Traditional dryland wheat-fallow cropping systems are still the mainstay in the Central High Plains, but a combination of climatic, economic and management factors are making these traditional cropping systems less and less popular. Although the 14-month fallow associated with the traditional winter wheat-summer fallow system (WW-SF) has generally guaranteed successful wheat seedling establishment, the system is notoriously inefficient. In summary, adverse effects of fallow include lower profit potential, decreased soil organic matter, declining soil fertility, inefficient use of the water resource, root zone leaching of nutrients, soil erosion, air pollution, and surface and groundwater pollution. There is a need to identify and develop appropriate legume/cereal/livestock systems that fit the natural resource base. This project was designed to incorporate forages (both annual and perennial) and livestock into the existing wheat-fallow system which will address the WSARE goals of enhancing the quality and productivity of soil, conserve soil and water, promote crop and livestock diversification and evaluate the environmental and economic implications of adopting sustainable agricultural systems. It was planned to be done on a scale that would attract producer interest. This study was planned to establish three integrated dryland crop, forage and livestock systems that would be compared with the traditional wheat-fallow system and permanent pasture. The integrated systems would be extended crop rotations of wheat that either incorporated livestock grazing, or produced transportable feed stocks in the form of hay and grain. The systems would be evaluated in terms soil quality, production (grain, forage, and livestock gain) and most importantly, profitability.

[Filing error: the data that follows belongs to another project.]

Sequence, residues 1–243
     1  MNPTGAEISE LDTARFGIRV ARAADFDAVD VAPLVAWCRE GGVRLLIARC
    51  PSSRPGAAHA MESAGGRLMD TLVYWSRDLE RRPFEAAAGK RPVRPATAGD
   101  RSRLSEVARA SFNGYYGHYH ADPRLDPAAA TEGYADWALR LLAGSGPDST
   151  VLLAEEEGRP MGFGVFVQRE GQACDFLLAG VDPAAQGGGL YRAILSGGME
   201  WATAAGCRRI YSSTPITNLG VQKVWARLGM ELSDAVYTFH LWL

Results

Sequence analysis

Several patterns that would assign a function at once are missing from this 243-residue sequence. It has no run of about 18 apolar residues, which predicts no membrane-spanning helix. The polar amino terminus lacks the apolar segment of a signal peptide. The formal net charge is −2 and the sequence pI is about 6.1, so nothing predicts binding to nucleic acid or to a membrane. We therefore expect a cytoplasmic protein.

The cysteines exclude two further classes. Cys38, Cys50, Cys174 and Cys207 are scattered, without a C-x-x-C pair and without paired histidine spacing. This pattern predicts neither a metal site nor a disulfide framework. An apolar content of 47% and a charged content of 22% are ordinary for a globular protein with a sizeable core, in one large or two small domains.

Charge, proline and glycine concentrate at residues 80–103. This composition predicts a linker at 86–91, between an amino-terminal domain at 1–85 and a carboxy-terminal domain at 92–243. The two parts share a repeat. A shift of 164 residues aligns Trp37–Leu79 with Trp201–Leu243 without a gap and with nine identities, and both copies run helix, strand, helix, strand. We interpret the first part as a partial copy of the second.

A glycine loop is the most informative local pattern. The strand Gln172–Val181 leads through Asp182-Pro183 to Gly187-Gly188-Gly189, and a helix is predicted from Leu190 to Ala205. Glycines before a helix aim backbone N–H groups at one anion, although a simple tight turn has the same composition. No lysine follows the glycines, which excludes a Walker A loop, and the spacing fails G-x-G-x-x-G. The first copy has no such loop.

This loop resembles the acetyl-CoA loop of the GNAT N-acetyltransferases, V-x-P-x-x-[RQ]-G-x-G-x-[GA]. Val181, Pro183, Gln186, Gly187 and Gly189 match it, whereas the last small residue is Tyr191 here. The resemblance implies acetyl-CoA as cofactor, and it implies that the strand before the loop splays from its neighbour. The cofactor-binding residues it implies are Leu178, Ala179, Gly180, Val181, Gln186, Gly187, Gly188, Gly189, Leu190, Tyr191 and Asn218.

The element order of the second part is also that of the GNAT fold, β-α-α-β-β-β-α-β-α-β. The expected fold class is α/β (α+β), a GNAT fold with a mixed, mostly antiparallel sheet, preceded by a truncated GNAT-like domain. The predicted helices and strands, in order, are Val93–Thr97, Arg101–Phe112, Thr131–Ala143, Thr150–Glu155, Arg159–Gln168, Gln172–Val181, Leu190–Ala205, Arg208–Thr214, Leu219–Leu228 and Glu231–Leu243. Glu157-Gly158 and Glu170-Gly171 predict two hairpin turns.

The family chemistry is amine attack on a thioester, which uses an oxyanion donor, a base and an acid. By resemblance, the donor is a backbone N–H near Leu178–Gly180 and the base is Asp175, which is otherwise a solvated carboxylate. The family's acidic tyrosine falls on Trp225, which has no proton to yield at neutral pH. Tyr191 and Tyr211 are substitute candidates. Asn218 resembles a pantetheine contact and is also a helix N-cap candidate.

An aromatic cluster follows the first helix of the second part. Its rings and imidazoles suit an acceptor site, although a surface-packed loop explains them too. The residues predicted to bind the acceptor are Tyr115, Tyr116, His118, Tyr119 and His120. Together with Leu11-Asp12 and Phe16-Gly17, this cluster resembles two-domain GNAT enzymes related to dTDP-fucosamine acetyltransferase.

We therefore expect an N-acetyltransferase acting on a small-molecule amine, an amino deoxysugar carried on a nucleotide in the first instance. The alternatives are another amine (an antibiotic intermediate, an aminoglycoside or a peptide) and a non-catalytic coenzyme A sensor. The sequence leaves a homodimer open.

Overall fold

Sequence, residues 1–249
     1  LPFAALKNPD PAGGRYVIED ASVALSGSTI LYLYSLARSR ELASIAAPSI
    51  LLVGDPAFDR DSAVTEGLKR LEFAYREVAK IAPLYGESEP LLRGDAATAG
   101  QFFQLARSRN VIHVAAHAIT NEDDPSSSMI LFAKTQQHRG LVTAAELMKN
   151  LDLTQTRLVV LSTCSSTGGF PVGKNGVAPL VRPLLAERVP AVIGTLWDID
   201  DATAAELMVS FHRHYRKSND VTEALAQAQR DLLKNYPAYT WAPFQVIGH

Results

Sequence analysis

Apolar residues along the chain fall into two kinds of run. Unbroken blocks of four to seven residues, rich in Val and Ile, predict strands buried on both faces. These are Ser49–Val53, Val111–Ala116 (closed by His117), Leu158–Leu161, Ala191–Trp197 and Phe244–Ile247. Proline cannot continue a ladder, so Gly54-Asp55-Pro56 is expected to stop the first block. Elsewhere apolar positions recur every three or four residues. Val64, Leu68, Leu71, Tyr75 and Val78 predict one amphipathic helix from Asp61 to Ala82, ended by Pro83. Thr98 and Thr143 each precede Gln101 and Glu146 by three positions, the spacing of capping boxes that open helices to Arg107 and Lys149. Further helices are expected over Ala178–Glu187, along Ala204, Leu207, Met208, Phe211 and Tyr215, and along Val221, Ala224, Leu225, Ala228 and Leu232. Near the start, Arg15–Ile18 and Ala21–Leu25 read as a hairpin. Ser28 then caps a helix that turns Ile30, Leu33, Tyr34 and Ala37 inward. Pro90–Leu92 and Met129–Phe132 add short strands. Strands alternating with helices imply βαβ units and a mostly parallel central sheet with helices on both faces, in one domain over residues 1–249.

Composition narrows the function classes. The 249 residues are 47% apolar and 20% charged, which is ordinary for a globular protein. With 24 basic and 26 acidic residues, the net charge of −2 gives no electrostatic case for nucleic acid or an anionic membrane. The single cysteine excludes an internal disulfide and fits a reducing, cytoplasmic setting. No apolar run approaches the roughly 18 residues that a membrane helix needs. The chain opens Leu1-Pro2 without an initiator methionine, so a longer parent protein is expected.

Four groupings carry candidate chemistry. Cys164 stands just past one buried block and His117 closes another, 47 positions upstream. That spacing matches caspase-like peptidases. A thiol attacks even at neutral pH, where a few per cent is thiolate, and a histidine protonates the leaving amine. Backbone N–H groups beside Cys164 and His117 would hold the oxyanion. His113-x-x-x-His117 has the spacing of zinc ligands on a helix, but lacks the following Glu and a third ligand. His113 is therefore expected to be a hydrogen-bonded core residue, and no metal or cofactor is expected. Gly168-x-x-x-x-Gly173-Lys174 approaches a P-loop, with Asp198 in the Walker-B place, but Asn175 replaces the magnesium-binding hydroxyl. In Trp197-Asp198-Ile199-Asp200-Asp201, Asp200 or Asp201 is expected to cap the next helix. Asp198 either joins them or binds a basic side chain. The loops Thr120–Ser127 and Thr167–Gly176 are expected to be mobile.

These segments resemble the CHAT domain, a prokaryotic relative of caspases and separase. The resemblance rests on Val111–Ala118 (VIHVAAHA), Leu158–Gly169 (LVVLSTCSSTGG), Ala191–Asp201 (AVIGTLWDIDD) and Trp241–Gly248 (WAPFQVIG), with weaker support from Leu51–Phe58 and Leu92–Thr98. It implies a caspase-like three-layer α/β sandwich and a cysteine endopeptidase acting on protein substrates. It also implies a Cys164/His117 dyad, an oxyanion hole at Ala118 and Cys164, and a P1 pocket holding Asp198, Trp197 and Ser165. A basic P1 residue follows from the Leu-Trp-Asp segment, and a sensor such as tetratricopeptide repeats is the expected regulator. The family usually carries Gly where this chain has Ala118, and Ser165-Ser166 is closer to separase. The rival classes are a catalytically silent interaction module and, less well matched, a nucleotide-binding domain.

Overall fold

Research

Materials and methods:

Project site is 360 acres of cropland currently in wheat/fallow strips located at the University of Wyoming Sustainable Agriculture Research and Extension Center (SAREC) research facility, located near Lingle, Wyoming (Figure 1). Brief descriptions of the proposed systems and crop rotations are provided below.

Proposed Crop Rotation Systems are shown in the attached Figure 1, With three pastures assigned to each cropping system, all phases of each rotation would be represented within each year of the study.